Arc'teryx Fortrez Hoodie Star Rating
The Arc’teryx Fortrez Hoodie is a classic rock and alpine climbing lightweight fleece that excels as a multi-purpose layer on the trail. A built-in neck gaiter/balaclava in the hood, three zip pockets, and a climber’s cut make the Fortrez a go-to for alpinists and hikers alike.
The Marmot Reactor is a fleece jacket that’s all about function. It has an active fit and is made for high-output activities, which means it’s a 100-weight fleece that is meant to fit close to the body. The newest version uses Polartec Power Grid Fleece, a departure from the original Classic, which gives it more breathability and stretch, but a less cozy feel. It has a zippered chest pocket and two zippered hand-warmer pockets, and reinforced shoulders for use with a backpack. This fleece is a good balance between cost, weight, and function for those who want something that can layer well on long hikes or backpacking trips. The women’s version of this jacket is called the Flashpoint, and as of publishing this guide it still uses the Polartec Classic 100 fleece.
Marmot Reactor Star Rating
The Marmot Reactor fleece jacket is a standout lightweight fleece for high out put activities like hiking and backpacking. Cozy zippered hand-pockets, a reinforced collar, and easy movement throughout allows the jacket to layer well, or be your primary defense against cold.
Patagonia Synchilla Lightweight Snap-T
The Patagonia Synchilla Lightweight Snap-T harkens back to the original fleece, called the Synchilla, which was debuted by Patagonia decades ago. This is the lightweight version, but it’s fashion and function remain the same: one giant sweater of cozy. The Lightweight Synchilla is made of 100% recycled fleece, and is Fair Trade Certified sewn. It has four snaps at the top for when it gets real chilly, and one breast pocket with a snap for storing very small items. And that’s it! The fleece material is quite fuzzy, and it tends to shed, so watch out. The style is also distinctive, and very retro. Overall the warmth of this Lightweight Synchilla is between 200- and 300-weight, but we find it’s an excellent sweater for around the house on really cold days, or around town on cool days. Note the baggy fit, so it doesn’t layer very well.
Patagonia Synchilla Lightweight Snap-T Star Rating
The Patagonia Synchilla Lightweight Snap-T is a classic fleece designed for maximum coziness. It has a single breast pocket with a snap-t button, and three buttons up the color. That’s pretty much it.
The sweater is slightly baggy and uses midweight fleece for a good balance of warmth and actual weight when worn, and it is Fair Trade Certified sewn, in addition to 100% recycled polyester fleece. Warm, cozy, and perfect for lounging around the fire.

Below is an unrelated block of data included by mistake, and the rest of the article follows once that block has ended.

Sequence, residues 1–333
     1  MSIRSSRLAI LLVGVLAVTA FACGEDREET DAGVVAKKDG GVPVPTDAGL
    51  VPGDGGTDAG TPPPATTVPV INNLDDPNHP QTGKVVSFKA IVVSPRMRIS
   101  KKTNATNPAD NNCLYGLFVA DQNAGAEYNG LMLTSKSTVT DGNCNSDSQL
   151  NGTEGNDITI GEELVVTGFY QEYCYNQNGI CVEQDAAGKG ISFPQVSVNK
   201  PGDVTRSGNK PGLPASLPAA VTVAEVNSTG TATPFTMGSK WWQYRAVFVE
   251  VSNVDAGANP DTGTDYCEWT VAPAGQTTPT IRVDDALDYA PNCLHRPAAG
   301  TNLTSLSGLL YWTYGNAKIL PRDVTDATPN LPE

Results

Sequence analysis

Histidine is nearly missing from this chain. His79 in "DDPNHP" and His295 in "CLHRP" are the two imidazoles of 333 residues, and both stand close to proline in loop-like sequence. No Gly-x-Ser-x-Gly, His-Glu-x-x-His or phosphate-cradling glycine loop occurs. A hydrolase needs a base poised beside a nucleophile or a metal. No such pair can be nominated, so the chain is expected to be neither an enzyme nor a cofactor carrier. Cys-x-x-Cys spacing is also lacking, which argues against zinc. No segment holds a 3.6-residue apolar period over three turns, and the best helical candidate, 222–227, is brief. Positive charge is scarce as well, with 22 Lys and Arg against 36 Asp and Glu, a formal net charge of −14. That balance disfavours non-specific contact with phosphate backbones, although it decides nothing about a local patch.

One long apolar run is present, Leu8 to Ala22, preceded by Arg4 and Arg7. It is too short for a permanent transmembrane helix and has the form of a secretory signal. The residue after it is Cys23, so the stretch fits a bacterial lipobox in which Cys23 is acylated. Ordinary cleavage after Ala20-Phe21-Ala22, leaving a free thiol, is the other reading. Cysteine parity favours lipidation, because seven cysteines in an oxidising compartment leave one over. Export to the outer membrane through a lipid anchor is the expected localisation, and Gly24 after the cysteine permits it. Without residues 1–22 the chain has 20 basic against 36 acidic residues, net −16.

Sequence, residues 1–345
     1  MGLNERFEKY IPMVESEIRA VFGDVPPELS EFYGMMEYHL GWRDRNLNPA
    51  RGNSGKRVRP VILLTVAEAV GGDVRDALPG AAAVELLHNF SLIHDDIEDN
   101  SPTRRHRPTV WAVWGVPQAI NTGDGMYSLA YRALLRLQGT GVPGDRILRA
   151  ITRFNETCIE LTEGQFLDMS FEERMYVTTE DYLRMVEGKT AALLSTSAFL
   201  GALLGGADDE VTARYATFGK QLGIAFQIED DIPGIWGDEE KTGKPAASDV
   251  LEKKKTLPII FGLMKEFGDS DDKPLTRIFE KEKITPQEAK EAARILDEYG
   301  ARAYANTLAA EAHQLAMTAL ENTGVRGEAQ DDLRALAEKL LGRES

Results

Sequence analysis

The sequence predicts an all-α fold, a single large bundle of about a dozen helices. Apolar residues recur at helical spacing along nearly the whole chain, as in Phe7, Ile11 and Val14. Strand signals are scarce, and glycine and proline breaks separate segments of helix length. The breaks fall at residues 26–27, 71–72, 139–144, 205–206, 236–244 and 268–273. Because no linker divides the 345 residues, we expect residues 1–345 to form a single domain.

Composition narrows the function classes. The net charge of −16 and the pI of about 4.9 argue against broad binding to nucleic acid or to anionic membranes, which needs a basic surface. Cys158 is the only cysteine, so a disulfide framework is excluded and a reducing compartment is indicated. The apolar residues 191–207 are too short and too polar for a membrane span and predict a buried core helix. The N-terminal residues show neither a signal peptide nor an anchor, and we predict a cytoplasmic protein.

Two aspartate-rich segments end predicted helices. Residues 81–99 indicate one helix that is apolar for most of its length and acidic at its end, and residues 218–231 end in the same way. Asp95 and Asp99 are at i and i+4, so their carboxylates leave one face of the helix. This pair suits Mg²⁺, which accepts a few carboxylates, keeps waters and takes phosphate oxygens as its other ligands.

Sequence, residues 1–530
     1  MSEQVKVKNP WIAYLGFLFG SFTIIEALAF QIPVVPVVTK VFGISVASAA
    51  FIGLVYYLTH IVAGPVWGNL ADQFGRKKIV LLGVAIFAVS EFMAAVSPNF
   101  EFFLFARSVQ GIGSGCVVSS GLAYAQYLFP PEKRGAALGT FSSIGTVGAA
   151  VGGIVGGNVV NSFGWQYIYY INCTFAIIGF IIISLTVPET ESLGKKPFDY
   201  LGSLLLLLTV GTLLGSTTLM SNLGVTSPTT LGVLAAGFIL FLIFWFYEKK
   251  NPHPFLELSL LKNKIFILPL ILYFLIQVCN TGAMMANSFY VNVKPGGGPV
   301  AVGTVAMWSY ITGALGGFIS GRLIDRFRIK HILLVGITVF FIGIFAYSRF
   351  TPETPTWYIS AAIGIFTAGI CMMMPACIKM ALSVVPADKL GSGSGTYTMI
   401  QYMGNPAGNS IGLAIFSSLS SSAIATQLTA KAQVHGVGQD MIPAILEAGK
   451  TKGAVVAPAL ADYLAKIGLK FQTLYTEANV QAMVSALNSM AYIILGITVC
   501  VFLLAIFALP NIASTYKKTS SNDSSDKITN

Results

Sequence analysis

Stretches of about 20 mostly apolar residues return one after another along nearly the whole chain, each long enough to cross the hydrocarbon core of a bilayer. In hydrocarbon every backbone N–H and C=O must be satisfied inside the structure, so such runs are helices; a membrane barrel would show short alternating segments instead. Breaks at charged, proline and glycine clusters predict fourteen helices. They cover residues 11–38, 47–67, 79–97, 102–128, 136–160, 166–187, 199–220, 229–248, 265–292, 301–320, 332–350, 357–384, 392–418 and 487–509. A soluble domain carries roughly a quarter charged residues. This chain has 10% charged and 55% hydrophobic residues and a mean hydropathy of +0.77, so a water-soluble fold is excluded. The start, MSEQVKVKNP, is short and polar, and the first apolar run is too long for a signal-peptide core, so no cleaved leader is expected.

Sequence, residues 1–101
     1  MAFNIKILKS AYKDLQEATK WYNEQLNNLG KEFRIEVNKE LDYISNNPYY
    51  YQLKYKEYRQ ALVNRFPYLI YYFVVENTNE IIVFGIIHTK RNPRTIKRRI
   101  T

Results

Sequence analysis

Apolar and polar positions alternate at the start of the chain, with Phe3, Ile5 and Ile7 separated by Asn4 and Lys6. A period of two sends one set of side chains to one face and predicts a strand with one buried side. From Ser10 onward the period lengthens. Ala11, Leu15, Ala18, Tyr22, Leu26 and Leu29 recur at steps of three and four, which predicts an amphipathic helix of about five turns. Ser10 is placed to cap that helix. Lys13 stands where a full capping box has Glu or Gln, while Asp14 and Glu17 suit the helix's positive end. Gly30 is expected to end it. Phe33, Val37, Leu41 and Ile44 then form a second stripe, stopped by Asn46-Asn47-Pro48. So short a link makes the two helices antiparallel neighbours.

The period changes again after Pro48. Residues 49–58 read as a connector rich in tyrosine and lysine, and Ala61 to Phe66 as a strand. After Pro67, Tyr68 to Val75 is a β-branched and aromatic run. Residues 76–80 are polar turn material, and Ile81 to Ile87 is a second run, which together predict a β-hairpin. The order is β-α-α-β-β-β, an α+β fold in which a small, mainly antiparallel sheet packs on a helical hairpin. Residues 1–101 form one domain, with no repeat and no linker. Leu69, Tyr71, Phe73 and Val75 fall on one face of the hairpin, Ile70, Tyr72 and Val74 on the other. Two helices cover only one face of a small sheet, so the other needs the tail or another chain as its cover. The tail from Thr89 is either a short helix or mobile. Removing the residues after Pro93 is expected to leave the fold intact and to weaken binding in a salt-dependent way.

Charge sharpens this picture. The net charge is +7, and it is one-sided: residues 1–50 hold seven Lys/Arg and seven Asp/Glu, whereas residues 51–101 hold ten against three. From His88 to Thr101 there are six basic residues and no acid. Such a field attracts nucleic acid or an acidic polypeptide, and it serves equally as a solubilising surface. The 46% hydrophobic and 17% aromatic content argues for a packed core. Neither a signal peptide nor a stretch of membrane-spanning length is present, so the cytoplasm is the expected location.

The Patagonia R2 fleece jacket is hybrid fleece that aims to hit a number of lifestyles, and does so with aplomb. It’s a 200-gram fleece (midweight) with solid warming capability and a very silky-smooth fleece material. Then, on the side panels, it uses a thinner Polartec Power Grid fabric for excellent stretch and increased breathabiltiy. It has a slim fit for active pursuits, but the cut is a little more casual than, say, the R1 Hoody, so it works well for casual outings too. There are two zipped hand pockets and two internal drop pockets, with a chest zip for the men’s version. If you want a warm fleece that doubles duty as your cozy day-to-day, then turns into a breathable, layerable jacket when outdoors, this is a good choice. The fabric is also bluesign approved and roughly 75% recycled on the whole.
Patagonia R2 Star Rating
The Patagonia R2 is a solid and rugged do-it-all midlayer jacket. It’s got enough pockets to be useful and is so soft you’ll never want to take it off.
The North Face Campshire
The North Face Campshire is well-named, in that it’s perfect around camp and might make people think of the Shire, that famed land of Hobbits. (You will look like a Hobbit in winter!) The Campshire uses 330 gram Sherpa fleece, which is crazy cozy, soft to the touch, and quite warm. We like it as a hoodie with its large kangaroo pouch, though it’s offered in many different styles. This thing is baggy and bulky and definitely not technical, but it is literally made for sitting around a campfire or your apartment when a cold snap comes around. The 1/2 zip allow you to vent a bit, and the kangaroo pouch is zippered to keep items in, with a small snap closure on top to reveal a secret pocket.See Women's North Face Campshire See Men's North Face Campshire
The North Face TKA 100 Glacier 1/4 Zip
The North Face TKA 100 Glacier is a simple fleece from a huge brand. It uses lightweight 100-weight fleece with a 1/4 zipper — and that’s it! The North Face backs it with a lifetime warranty, so in case that zipper fails you can send it in, but there’s very little else that can break, which is why we love it. This fleece is excellent for anyone that wants a basic midlayer for warmth and breathability. It doesn’t weigh much, packs down small for a fleece, won’t break the bank, and the fit is a tiny bit baggier than your typical “active” fit. Sometimes you don’t need fancy, you just want warmth, and that’s where the TKA 100 Glacier shines.
The North Face TKA 100 Glacier Star Rating
The North Face TKA 100 Glacier is a 1/4 zip fleece that’s about as basic as they come. There are no extra features, like pockets or cinches or reinforced areas. Just a single well-made zipper to let out air or increase heat retention, and Polartec 100 Classic fleece for fuzzy, breathable warmth. The perfect, relatively cheap mid-layer for hiking and backpacking.
Arc’teryx Covert Cardigan